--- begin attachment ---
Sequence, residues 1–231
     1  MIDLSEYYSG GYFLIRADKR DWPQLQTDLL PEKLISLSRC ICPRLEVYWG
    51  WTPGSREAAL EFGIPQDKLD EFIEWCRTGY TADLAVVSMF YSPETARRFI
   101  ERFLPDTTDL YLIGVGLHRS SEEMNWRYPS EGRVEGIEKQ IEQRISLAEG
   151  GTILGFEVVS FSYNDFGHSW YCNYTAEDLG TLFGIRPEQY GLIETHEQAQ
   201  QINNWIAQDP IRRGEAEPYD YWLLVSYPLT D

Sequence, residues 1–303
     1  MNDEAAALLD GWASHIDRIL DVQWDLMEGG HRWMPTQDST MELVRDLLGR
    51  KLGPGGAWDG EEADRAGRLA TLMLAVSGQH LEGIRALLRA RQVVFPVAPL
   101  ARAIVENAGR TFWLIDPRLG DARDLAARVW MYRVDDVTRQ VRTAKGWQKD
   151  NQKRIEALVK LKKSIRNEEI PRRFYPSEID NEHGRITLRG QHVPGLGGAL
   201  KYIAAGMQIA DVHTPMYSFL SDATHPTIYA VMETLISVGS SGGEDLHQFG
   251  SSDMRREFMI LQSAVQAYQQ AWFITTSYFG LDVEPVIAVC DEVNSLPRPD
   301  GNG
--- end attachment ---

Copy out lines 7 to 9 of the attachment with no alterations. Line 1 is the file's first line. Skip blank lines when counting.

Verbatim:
Sequence, residues 1–303
     1  MNDEAAALLD GWASHIDRIL DVQWDLMEGG HRWMPTQDST MELVRDLLGR
    51  KLGPGGAWDG EEADRAGRLA TLMLAVSGQH LEGIRALLRA RQVVFPVAPL